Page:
I think this is the main heartbreak of being a parent – knowing and watching this kind of stuff can or is done to your kid. Stuff that is mean and petty and cruel and idiotic and senseless, and not to be able to do anything about it.
I know that the younger they learn how to deal with mud (great analogy), the better they will be in life. And it also helps them to realise they do have a choice between good and bad and hopefully they can understand what it means to be one way or the other and chose to be (mostly) good (as all parents want their children to be).
But, oh, the heartache of watching tears welling up in young eyes who cannot understand purposeless harm being done to them…
I can remember easily the times when I was a child and I said ‘But it’s just not fair’ and my mum had to tell me ‘Yes, it is not, but you cannot change people, and you just have to deal with it’. I am really not looking forward to this as a parent.

Great post, Mel. Just great.

8 Heather { 05.05.10 at 9:47 am }

So true. My Dad is a pastor so we were always visiting people in the hospital and taking food. When my family was out of town when I was in college (I was left behind because I had classes), I got a call in the middle of the night that a parishioner has passed away. I had to go and sit with his widow and pray with her even though I’m not the Pastor.

When my grandmother died – no one came to see us. No one brought food. I’m sure everyone thought everyone else was doing it because surely someone would do for the Pastor when his mother died. But no one came to see us. It was so hurtful.

I use that as my motivation every time someone is in need. Maybe everyone else is doing it – but what is one more dish? Especially if it is freeze-able. I would rather them have too much food to share with neighbors or freeze than have nothing. Regardless, they need to know I care.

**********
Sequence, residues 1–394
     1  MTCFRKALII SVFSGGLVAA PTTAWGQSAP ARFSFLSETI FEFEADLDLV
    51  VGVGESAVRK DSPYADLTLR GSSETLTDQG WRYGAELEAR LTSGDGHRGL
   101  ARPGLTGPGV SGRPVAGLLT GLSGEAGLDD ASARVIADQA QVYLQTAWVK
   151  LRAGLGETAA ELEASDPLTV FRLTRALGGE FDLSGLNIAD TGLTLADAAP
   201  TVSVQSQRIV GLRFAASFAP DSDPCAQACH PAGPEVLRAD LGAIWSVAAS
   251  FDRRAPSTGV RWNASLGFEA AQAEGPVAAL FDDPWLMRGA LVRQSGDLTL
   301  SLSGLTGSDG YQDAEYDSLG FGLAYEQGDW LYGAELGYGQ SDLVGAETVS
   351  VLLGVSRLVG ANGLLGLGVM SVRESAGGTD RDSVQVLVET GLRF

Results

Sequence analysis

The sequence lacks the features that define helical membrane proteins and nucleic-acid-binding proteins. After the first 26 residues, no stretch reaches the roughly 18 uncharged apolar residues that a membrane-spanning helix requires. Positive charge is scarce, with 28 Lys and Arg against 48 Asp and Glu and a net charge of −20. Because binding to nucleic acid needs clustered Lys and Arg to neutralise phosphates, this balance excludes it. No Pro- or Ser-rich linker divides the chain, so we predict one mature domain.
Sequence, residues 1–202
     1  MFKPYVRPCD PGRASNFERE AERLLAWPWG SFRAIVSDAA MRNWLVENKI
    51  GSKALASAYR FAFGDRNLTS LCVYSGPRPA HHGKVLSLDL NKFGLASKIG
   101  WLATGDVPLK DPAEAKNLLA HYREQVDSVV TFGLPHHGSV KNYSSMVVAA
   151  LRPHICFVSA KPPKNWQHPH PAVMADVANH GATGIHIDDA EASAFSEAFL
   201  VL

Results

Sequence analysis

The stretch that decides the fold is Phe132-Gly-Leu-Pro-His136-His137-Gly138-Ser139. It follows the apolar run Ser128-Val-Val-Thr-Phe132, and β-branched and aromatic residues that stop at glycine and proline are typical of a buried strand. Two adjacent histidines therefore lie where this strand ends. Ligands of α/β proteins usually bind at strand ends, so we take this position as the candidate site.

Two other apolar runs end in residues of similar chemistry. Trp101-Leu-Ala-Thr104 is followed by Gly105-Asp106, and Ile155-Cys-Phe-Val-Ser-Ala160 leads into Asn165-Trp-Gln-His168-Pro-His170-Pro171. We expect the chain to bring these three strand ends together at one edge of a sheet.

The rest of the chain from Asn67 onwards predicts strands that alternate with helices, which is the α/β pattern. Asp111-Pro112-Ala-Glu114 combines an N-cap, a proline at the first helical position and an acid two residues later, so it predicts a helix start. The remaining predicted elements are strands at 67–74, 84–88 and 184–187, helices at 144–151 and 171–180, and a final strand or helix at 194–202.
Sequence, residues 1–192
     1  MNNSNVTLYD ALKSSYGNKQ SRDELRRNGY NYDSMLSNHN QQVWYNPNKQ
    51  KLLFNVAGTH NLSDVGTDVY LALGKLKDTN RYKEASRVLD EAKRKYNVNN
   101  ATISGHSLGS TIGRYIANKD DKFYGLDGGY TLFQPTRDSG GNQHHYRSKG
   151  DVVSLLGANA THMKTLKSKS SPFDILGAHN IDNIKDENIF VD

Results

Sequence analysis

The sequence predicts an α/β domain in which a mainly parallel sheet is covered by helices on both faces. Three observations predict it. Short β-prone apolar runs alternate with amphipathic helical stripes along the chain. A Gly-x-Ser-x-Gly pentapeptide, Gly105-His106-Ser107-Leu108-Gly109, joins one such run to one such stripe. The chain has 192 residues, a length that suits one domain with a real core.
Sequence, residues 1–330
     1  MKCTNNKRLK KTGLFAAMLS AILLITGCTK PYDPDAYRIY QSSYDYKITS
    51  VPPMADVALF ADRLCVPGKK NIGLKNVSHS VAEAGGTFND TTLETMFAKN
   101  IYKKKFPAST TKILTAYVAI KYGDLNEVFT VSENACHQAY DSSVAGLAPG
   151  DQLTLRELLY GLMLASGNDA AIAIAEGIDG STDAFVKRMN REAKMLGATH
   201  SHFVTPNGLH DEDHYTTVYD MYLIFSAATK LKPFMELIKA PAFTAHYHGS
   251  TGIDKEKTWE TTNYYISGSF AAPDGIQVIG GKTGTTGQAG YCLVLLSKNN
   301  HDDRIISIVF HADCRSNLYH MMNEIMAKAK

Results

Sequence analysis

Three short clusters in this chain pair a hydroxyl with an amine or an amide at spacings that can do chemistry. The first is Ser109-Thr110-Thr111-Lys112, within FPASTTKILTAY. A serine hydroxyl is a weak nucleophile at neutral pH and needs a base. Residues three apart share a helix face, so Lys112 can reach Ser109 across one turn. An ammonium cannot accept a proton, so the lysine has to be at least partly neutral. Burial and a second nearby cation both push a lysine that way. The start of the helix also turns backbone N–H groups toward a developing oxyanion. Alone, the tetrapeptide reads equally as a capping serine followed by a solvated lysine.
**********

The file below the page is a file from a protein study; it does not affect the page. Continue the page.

I’m so not ready for Katherine to get hurt by another child.

9 Lori Lavender Luz { 05.05.10 at 10:23 am }

First of all, big hugs to you. You have such a big, giving heart. You give and want to be surrounded by kumbaya. It really hurts to come up against crummy people of any age. I’m so sorry you are hurting, Mel, and that either/both of your children are.

I love this: ““we want you to be kind because you can be and not cruel because you can be.” It matches what my Dad taught us: “Don’t let what anyone else does influence what you know is right and good.” Which is also like the Golden Rule: “Do unto others as you would have them do unto you.”

NOT “Do unto others what they do to you.” It’s really hard to be in that clean space when someone is flinging mud.

For the record, I think you have made a very clean space for the ALI community, and you have provided many towels for the rare times when mud flies. You have soothed so many hearts, including mine.

And even though that (your goodness) was never in dispute, I hope you see that your kind heart remains intact and clean, despite the boors on the periphery of your life.


10 a { 05.05.10 at 10:53 am }

When I was about 24, I figured out that no matter how I felt about people, it was my duty to remain polite. I could go on and on about this topic, but the golden rule is the one by which I try to live.